The Top Twenty Science-Fiction Movies of the Twentieth Century
By Michael McCarty
People have been asking for this list for years. It was originally published in my book Esoteria-Land …
You asked for it, here it is. I did add and delete some films from the original list, just to shake things up a bit. Enjoy.
1. Metropolis, 1927, Germany, black and white (silent), 83 minutes
In 2026 AD, the super-technological city of Metropolis is split in two, with one city above the ground and one below. The one above is a luxurious playground, while underground are catacombs filled with machines that run everything above. The underground workers are little more than human automatons. Soon Metropolis is threatened by a revolt, led by the lovely Maria (Brigitte Helm), who is a messiah-like figure among the workers. So mad scientist Rotwang (Rudolf Klen-Rogge) invents a robot of Maria to stop the revolution.
This dark, intense drama swells into a surreal urban nightmare. Reconstructed in 1984 with a musical score by Giorgio Moroder and color tints, this elaborate techno-fantasy by Fritz Lang continues to fascinate. (The F.W. Murnau Foundation and Kino International released a 124-minute, digitally restored version in 2002, supervised by Martin Koerber. It included the original music score and title cards describing the action in missing sequences.)
2. Star Wars (the original and Special Edition), 1977, color; the original 121 minutes, the Special Edition 125 minutes.
On the twentieth anniversary of the release of Star Wars, Lucasfilms and 20th Century Fox released the Special Edition, which contains four additional minutes of footage. Over a million dollars was spent to clean up the prints and add more special effects and THX digitally mastered sound. The big change I didn’t like was having Han Solo shot in self-defense at The Catania — he shot first, he’s a space pirate.
Who hasn’t seen Star Wars? For those who have not, the plot is as follows: Princess Leia (Carrie Fisher) has stolen the plans of the Death Star. She is then captured by General Moff Tarkin (Peter Cushing) and his mouth-breathing sidekick, Darth Vader (David Prowse). But before she was taken prisoner, she sent the droids R2-D2 (Kenny Baker) and C-3PO (Anthony Daniels) to track down Obi Wan Kenobi (Alec Guinness), the last of the Jedi Knights. Basically, Star Wars is a space-western take on The Wizard of Oz, with Arthurian legends and religious overtones. Pure magic.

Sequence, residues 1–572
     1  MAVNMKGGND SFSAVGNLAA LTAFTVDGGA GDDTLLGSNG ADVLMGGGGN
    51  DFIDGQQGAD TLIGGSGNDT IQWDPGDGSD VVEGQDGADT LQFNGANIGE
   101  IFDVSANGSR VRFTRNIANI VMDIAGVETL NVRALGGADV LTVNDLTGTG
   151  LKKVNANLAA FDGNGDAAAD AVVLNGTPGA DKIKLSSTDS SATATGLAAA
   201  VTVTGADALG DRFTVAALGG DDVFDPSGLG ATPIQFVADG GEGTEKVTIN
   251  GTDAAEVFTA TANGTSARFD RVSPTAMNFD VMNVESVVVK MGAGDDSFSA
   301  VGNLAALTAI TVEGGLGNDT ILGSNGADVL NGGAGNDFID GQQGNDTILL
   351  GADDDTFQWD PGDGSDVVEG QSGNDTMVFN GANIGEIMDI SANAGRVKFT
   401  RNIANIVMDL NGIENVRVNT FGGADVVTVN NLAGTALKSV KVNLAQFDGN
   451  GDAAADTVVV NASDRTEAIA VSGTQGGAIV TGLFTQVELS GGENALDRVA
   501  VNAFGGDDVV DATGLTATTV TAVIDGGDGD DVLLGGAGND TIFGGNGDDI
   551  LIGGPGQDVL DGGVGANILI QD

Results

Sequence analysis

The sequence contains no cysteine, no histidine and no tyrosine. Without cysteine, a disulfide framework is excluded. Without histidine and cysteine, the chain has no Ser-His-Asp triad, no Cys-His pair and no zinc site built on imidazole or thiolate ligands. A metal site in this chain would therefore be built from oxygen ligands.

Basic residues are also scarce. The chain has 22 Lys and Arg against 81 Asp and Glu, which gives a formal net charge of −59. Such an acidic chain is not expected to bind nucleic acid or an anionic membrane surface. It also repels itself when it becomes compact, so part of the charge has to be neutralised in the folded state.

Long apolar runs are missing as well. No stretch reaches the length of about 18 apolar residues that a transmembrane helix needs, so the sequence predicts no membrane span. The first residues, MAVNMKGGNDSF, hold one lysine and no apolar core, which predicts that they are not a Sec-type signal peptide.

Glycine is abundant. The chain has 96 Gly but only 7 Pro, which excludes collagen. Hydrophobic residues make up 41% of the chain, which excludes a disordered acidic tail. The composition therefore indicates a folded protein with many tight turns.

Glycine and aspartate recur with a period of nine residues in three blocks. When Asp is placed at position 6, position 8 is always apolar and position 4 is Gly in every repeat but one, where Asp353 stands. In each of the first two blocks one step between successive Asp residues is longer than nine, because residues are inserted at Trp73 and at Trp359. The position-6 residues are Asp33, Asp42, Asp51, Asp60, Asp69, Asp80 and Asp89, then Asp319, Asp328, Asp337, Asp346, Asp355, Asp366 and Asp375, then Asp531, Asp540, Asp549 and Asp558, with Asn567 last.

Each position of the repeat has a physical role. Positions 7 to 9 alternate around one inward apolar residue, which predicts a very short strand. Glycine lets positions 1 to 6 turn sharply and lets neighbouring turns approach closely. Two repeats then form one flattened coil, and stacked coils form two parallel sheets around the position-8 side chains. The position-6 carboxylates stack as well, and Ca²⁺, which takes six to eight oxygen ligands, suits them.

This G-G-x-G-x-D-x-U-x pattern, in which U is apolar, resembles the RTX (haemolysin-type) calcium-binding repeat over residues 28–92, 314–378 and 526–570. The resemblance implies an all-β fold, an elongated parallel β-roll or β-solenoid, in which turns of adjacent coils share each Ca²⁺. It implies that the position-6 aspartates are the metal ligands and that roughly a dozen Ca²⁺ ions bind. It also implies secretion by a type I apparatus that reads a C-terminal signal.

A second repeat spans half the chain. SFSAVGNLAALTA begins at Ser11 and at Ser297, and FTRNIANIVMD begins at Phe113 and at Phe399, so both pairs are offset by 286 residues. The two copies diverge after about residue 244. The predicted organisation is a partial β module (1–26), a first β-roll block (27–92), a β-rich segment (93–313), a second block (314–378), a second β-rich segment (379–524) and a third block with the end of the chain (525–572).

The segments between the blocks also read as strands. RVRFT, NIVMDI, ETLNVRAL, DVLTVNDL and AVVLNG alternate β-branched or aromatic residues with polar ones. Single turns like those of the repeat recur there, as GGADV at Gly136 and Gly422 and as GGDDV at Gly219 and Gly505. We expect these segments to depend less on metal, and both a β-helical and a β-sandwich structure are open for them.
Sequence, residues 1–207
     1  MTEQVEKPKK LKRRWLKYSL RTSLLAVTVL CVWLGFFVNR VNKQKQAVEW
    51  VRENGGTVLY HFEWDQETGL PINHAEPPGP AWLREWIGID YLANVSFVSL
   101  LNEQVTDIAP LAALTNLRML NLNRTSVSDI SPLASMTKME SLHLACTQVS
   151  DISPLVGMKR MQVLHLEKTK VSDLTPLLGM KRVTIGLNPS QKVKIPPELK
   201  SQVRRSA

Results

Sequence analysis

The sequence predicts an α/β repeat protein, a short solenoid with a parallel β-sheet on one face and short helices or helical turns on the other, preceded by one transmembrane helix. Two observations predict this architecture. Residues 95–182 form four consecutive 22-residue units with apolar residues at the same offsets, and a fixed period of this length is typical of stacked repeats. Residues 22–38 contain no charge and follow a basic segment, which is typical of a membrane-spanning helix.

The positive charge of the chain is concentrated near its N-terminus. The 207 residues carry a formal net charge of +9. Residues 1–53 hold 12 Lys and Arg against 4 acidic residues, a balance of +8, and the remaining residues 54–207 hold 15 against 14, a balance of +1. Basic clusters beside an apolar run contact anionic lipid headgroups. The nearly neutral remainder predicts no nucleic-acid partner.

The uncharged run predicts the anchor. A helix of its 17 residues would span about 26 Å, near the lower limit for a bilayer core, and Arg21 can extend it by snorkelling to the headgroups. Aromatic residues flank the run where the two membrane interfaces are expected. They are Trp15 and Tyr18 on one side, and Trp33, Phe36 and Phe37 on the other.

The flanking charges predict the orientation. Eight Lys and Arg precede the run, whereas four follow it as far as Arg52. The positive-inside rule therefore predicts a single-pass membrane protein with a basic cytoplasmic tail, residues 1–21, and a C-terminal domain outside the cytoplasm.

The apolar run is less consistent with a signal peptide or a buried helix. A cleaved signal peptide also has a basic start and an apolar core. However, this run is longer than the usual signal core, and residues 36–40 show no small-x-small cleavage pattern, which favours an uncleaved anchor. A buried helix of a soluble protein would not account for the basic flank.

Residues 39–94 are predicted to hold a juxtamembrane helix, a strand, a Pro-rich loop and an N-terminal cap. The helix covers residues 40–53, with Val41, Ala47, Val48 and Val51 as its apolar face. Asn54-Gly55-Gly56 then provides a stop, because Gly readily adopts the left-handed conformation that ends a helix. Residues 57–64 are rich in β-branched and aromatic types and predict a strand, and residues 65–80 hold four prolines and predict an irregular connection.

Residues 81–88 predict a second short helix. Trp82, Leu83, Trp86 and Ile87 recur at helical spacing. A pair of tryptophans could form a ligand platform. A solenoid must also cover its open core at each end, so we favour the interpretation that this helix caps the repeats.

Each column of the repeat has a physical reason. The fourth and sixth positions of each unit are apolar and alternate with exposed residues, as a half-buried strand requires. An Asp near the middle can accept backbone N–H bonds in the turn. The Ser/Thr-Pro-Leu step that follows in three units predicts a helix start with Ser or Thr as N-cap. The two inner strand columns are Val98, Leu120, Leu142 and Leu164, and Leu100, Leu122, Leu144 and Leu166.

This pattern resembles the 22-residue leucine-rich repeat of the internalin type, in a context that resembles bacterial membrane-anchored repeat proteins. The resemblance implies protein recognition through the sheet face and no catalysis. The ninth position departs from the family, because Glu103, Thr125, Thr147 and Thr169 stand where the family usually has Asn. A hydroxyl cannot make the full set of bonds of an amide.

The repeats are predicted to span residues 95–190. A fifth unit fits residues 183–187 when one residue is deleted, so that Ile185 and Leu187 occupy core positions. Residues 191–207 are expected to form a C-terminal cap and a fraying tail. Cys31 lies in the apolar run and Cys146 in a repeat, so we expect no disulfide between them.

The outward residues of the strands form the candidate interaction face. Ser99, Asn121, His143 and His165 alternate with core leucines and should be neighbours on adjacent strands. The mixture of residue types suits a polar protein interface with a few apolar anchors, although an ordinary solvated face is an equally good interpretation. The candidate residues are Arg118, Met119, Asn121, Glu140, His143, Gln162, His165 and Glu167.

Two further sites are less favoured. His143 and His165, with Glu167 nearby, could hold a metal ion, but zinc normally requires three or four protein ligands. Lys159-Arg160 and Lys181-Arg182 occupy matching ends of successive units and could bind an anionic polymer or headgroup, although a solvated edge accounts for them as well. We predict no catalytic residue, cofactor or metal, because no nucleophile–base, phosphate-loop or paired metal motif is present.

It spawned a series that last four decades including:
Star Wars 1: The Phantom Menace, Star Wars 2: Attack of the Clones, Star Wars 3: Revenge of the Sith, Star Wars 4: A New Hope (aka, also known as just Star Wars), Star Wars 5: The Empire Strikes Back, Star Wars 6: Return of the Jedi, Star Wars 7: The Force Awakens, Star Wars 8: The Last Jedi, Star Wars 9: The Rise of Skywalker
There were also what they call “side story” Star Wars films: Star Wars: The Clone Wars, Rogue One: A Star Wars Story and Solo: A Star Wars Story.
I interviewed Alan Dean Foster who has written some of the Star Wars novelizations.
Here is a link to the interview:
Interview With Alan Dean Foster
Alan Dean Foster also wrote the introduction to my book MODERN MYTHMAKERS: 35 Interviews with Horror & Science Fiction Writers and Filmmakers. For that, I am blessed.
Also in MODERN MYTHMAKERS, I interviewed Timothy Zahn who has written several Star Wars novels.
(A photo of film critic Linda Cook, looking at C-3PO at a robot exhibit at the Putnam Museum in Davenport, Iowa)
3. 2001: A Space Odyssey, 1968, color, 148 minutes
One of the most majestic and visually striking science-fiction films ever made. The prevailing message here is that aliens have been with us since the dawn of time and have had influence over mankind ever since. The ending is wild and trippy – a hallucinogenic montage of life and death beyond the stars. This majestic depiction of outer space was released one year before we even walked on the moon. A landmark achievement in cinema. The Stanley Kubrick Collection edition is the one to get.
4. Alien, 1979, color, 117 minutes
The space-freighter Nostromo receives an S.O.S. from a nearby planet, and the seven-person crew awakens from suspended animation to track down the distress call. They investigate the signal and discover an alien spacecraft and some very suspicious pods. Kane (John Hurt) takes a closer look at one of the pods and, when it bursts open, a nightmarish, insectile alien creature attaches itself to his face. The rest is an intense deep-space nightmare.
Alien features a splendid cast, extraordinary special effects, and a creepy monster designed by renowned artist H.R. Giger. This film is one of the most copied (but never duplicated) science-fiction movies from the latter part of the twentieth century.
The Alien series includes: Alien, Aliens, Alien 3, Alien Resurrection (Sherry Decker & I interviewed Marlena Bush who played the scientist in that film …maybe I will reprint that as a blog sometime in the near future), Prometheus and Alien: Covenant.
5. Close Encounters of the Third Kind (Special Edition), 1977, color, 152 minutes
Power-company employee Roy Neary (Richard Dreyfus) witnesses a UFO and his life is never the same. His obsession destroys his family life, but he simply must know the truth.
Jillian Guiler (Melinda Dillion) is a single mother who has lost her son in a close encounter and French UFOlogist Jacques Valse (played by French filmmaker Francois Truffaut) has traveled all over the world to establish contact with the aliens.
All three, along with some visitors from space, end up at Devil Towers, Wyoming. Exhilarating special effects and outstanding acting make this a classic.
6. Back to the Future, 1985, color, 116 minutes